The Wii U

Before the Nintendo fans get their pitchforks ready, I should really say that I like Nintendo, and I’m rooting for the Wii U to be a successful console; however, the console is in trouble, and the company has been so monumentally important to gaming that it’s impossible to not want them to right the ship. The Wii may go down in history as the console that saved Nintendo, so it’s understandable for the company to attempt to replicate the philosophy they employed for their last gen system. By using older hardware with a unique controller, Nintendo could offset costs and still bring in gamers with innovation. However, audiences don’t seem to be taking to the tablet as well as they took to the motion controls of the Wii, and as a result, the company is struggling to find a successful way to market the Wii U, and third party support seems to be dwindling. To be clear, Nintendo is nowhere near catastrophe, and it’s likely they’ll find their market when more high profile games are released. In the interim, however, it’s difficult to watch Nintendo be largely ignored in the gaming narrative.

The tablet controller is cool but hasn't grabbed people just yet.

Mandatory Installs
Having to install a game used to be something that console gamers could hold over the PC gaming crowd’s head. Being able to just pop a disk into your respective system and play was a thing of beauty. Now, games must be installed no matter what before play can begin. Obviously, the installation helps with load times and various other factors, but the fact that it isn't even an option now is a little off putting. The disk has been essentially reduced to an authentication device. Once the game is on your console, installation is a non-issue, but it’s an unfortunate barrier between the player and immediate play. Also, that 500 GB HDD that seemed ludicrously huge when you bought your next gen system is filling up pretty darn fast. With each console only having limited number of models, the buyer’s memory options are pretty small, so this is definitely an issue that needs to be addressed with the new generation of consoles.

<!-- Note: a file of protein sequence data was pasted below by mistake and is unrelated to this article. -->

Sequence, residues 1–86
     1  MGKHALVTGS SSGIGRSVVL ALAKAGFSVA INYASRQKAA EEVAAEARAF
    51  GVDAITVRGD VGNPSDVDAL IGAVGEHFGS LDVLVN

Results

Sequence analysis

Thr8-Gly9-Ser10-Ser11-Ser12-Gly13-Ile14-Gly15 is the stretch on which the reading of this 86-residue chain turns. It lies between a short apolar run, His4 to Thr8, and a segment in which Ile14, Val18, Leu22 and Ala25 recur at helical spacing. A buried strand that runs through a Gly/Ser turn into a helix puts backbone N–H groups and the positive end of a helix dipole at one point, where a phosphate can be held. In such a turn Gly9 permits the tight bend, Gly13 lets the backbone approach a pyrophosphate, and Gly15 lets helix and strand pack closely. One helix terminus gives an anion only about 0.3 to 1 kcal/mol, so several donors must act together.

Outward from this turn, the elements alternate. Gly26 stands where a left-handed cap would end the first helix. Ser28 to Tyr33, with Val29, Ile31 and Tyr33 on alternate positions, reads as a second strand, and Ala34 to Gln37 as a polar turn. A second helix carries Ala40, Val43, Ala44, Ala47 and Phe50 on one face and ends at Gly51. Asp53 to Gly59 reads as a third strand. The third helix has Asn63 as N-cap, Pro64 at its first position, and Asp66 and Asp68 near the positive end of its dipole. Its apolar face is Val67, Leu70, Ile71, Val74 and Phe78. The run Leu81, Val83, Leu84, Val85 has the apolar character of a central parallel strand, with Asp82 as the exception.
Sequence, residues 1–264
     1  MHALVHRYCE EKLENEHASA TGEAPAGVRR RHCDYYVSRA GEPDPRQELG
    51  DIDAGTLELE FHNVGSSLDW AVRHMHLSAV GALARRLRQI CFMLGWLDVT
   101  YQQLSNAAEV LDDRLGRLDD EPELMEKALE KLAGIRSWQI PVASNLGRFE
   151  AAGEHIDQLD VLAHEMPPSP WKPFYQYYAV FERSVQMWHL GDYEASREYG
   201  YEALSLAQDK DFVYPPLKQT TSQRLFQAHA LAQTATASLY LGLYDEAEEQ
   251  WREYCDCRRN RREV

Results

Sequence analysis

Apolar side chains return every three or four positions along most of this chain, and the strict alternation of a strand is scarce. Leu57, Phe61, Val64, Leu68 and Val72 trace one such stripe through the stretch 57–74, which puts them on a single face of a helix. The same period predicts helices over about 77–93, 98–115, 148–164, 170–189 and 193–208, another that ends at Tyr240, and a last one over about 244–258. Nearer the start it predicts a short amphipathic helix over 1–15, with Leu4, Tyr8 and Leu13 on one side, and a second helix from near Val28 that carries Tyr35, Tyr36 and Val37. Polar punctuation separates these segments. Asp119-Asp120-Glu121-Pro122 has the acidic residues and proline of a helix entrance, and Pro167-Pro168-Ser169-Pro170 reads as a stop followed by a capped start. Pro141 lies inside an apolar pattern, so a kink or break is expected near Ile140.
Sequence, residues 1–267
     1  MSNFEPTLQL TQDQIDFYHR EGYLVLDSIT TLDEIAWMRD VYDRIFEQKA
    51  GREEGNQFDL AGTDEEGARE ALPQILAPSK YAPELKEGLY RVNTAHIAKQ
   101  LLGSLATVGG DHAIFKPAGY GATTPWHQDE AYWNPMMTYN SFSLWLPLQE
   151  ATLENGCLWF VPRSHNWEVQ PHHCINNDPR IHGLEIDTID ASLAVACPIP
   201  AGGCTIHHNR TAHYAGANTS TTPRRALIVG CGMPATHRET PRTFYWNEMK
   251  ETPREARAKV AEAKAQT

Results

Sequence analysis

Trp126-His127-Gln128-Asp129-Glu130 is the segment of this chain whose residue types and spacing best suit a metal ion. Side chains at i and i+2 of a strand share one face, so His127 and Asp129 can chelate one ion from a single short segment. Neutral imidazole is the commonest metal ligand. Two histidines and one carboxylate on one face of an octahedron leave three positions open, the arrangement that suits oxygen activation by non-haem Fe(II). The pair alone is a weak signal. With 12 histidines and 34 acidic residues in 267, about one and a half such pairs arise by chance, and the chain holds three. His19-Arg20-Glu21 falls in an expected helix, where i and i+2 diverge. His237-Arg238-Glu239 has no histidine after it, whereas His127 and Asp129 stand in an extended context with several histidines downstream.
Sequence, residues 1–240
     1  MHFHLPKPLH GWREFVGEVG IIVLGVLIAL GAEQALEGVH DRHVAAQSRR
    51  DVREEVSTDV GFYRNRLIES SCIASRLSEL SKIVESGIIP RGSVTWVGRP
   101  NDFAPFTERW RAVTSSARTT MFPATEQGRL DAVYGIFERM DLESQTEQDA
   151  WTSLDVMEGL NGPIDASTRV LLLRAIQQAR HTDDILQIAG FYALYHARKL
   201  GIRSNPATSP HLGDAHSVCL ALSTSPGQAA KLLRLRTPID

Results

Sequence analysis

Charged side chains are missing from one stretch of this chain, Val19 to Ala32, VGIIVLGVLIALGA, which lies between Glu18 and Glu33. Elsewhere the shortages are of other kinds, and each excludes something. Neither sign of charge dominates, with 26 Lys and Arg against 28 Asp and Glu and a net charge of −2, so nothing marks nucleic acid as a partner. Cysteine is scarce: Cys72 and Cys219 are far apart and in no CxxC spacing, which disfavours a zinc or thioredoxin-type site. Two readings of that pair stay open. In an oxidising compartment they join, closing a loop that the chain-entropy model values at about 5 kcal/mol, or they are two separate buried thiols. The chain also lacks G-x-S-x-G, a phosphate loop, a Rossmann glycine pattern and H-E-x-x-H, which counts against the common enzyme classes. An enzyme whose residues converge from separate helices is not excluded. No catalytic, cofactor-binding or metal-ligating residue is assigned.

You'll see this for a bit before you can start your new game.

 So far, no next gen system has come up with a good way to display content on screen. Sure, the interfaces of the Wii, PS3, and 360 weren’t the best, but at least they were navigable. The PS4’s gets more out of hand with each new game installed on the system; the Xbox One’s has to be reconfigured whenever new favorites are added; and the Wii U’s is serviceable but is limited by what is supported on the system. It’s easy to understand the philosophy of all 3 companies. Sony and Nintendo want to bring the games front and center (with mixed results) and the Xbox One wants to be the all in one entertainment center; however, if Apple has taught the tech world anything, it’s that people want interfaces to be as simple as possible, and so far none of the big 3 seem to be up to that challenge. We saw Microsoft revamp the 360's interface multiple times, so it's not out of the question that things can be shaken up for this generation as well.

It's important to note that even though there are minor annoyances with the new generation of consoles, there's still way more to love than complain about them. Games look better than ever, and there are a ton of promising new games coming for each machine, and the next generation has only just begun. Now if we could just iron out the few problems we have so far, we'll be in good shape.